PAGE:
PubDate: 2014-10-15T13:32:17.582689-05:
      DOI: 10.1111/jawr.12249
       
  • A Spatially Explicit Model for Mapping Headwater Streams
    • Authors: Periann P. Russell; Susan M. Gale, Breda Muñoz, John R. Dorney, Matthew J. Rubino
      Pages: n/a - n/a
      Abstract: Headwater streams are the primary sources of water in a drainage network and serve as a critical hydrologic link between the surrounding landscape and larger, downstream surface waters. Many states, including North Carolina, regulate activity in and near headwater streams for the protection of water quality and aquatic resources. A fundamental tool for regulatory management is an accurate representation of streams on a map. Limited resources preclude field mapping every headwater stream and its origin across a large region. It is more practical to develop a model for headwater streams based on a sample of field data that can then be extrapolated to a larger area of interest. The North Carolina Division of Water Quality has developed a cost‐effective method for modeling and mapping the location, length, and flow classification (intermittent and perennial) of headwater streams. We used a multiple logistic regression approach that combined field data and terrain derivatives for watersheds located in the Triassic Basins ecoregion. Field data were collected using a standard methodology for identifying headwater streams and origins. Terrain derivatives were generated from digital elevation models interpolated from bare‐earth Light Detection and Range data. Model accuracies greater than 80% were achieved in classifying stream presence and absence, stream length and perennial stream length, but were not as consistent in predicting intermittent stream length.
      PubDate: 2014-10-15T13:31:02.932301-05:
      DOI: 10.1111/jawr.12250
       
  • Salinity as a Limiting Factor for Biological Condition in
           Mining‐Influenced Central Appalachian Headwater Streams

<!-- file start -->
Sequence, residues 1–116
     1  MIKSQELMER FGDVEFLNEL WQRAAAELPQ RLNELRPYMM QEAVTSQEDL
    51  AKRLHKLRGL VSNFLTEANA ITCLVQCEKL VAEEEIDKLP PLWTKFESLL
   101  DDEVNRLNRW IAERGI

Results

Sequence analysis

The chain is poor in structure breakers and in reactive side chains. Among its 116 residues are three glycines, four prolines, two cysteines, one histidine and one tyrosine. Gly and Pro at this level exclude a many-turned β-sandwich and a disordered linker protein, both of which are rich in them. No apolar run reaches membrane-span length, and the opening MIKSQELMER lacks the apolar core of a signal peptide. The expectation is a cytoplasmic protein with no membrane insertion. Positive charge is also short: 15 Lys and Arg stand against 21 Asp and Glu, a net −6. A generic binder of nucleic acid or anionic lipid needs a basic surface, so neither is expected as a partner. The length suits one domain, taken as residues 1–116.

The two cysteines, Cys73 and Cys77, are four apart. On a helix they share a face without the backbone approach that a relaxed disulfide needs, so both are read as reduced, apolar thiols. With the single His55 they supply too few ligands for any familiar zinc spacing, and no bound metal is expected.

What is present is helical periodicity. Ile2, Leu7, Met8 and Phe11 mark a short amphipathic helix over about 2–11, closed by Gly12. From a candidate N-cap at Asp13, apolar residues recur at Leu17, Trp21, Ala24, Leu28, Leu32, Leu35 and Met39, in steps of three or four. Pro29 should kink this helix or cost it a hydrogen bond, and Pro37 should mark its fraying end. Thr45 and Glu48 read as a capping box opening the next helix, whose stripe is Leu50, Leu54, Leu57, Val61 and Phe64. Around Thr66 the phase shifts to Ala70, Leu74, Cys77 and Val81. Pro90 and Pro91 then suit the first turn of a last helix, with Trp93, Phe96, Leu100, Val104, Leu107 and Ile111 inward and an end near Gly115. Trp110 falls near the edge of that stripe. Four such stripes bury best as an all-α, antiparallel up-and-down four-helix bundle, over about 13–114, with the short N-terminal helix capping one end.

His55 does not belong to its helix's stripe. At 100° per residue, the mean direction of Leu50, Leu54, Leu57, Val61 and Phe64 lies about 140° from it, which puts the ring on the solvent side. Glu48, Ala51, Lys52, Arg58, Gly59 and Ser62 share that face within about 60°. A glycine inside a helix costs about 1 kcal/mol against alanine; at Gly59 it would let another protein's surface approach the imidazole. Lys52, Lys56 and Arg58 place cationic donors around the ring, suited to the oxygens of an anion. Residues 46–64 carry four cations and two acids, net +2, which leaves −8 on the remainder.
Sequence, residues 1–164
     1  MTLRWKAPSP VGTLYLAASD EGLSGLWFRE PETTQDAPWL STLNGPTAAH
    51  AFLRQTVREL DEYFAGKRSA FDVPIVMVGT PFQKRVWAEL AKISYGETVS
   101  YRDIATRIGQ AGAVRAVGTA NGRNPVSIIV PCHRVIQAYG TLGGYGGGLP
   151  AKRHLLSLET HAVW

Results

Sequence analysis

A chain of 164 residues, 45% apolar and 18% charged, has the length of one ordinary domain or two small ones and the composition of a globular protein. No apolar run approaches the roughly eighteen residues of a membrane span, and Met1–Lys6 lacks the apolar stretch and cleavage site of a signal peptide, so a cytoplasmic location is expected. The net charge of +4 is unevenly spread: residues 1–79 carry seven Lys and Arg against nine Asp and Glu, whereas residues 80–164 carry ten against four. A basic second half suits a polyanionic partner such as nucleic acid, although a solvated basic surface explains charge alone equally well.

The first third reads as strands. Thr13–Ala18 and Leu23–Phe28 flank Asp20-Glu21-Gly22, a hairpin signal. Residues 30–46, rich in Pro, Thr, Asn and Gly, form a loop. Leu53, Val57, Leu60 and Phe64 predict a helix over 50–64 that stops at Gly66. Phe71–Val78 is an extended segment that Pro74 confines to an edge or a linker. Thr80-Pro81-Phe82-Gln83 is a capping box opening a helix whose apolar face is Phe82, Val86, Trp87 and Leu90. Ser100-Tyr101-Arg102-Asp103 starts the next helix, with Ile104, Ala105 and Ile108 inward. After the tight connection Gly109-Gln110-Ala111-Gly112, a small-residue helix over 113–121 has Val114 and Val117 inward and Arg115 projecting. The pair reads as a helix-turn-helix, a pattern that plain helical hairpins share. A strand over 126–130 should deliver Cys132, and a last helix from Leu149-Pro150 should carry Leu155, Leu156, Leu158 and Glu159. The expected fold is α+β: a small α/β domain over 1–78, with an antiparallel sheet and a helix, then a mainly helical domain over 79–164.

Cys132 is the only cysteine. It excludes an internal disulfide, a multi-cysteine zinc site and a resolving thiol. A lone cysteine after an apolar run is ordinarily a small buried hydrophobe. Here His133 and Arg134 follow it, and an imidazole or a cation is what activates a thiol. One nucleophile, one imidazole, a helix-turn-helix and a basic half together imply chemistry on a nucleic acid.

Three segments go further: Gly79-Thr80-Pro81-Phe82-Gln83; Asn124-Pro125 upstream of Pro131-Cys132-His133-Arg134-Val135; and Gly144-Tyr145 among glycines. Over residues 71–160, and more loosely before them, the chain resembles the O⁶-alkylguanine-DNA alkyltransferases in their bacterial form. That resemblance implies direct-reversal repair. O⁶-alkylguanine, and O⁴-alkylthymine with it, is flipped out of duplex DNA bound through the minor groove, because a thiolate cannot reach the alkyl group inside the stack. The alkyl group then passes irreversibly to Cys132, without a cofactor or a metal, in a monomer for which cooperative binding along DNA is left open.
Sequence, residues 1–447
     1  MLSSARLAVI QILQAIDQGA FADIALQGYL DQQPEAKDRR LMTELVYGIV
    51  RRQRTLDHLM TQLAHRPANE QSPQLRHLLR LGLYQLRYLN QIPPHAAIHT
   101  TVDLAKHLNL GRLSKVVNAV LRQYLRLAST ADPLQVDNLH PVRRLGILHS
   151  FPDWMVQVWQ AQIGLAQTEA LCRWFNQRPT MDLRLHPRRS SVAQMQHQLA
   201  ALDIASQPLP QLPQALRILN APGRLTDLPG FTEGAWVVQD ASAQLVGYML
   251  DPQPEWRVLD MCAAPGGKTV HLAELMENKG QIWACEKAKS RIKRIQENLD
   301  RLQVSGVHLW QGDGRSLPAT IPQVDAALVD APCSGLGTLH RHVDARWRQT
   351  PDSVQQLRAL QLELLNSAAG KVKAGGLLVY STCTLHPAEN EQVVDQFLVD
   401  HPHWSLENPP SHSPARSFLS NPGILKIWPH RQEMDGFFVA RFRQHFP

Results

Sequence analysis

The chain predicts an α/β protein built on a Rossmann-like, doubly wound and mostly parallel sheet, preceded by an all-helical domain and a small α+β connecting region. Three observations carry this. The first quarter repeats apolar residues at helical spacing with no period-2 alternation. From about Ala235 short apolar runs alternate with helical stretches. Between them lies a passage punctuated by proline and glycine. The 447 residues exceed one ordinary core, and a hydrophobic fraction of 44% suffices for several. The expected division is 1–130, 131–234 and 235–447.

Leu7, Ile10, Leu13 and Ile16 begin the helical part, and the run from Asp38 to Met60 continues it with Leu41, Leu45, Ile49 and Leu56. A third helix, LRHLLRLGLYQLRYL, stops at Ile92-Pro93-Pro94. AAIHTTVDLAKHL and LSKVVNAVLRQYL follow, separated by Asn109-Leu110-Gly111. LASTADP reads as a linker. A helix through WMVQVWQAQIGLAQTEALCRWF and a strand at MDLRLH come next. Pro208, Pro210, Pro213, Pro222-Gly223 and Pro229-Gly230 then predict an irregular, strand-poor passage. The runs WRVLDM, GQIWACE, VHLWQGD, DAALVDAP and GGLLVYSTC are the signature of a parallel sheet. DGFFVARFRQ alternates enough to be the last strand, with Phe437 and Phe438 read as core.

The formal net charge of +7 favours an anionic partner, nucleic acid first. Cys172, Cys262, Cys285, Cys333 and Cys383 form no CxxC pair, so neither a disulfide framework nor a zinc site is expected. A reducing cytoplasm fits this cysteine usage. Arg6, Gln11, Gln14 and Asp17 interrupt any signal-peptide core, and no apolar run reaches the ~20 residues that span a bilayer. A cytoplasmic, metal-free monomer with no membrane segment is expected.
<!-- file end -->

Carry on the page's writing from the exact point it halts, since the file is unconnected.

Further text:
• Authors: Anthony J. Timpano; Stephen H. Schoenholtz, David J. Soucek, Carl E. Zipper
      Pages: n/a - n/a
      Abstract: Recent studies have found that Appalachian coal mining causes increased surface water salinity, and that benthic macroinvertebrate communities in salinized mining‐influenced streams differ from communities in streams draining unmined areas. Understanding the role of salinity in shaping these communities is challenging because such streams are often influenced by a variety of stressors in addition to salinity. We characterized associations of salinity with biotic condition while isolating salinity from other stressors through rigorous site selection. We used a multimetric index of biotic condition to characterize benthic macroinvertebrate communities in headwater streams in the Central Appalachian Ecoregion of Virginia across a gradient of sulfate‐dominated salinity. We found strong negative seasonal correlations between biotic condition and three salinity measures (specific conductance, total dissolved solids, and SO42− concentration). We found no evidence to suggest stressors other than salinity as significant influences on biotic condition in these streams. Our results confirm negative associations of salinity with benthic macroinvertebrate community condition, as observed in other studies. Thus, our findings demonstrate that elevated salinity is an important limiting factor for biological condition in Central Appalachian headwater streams.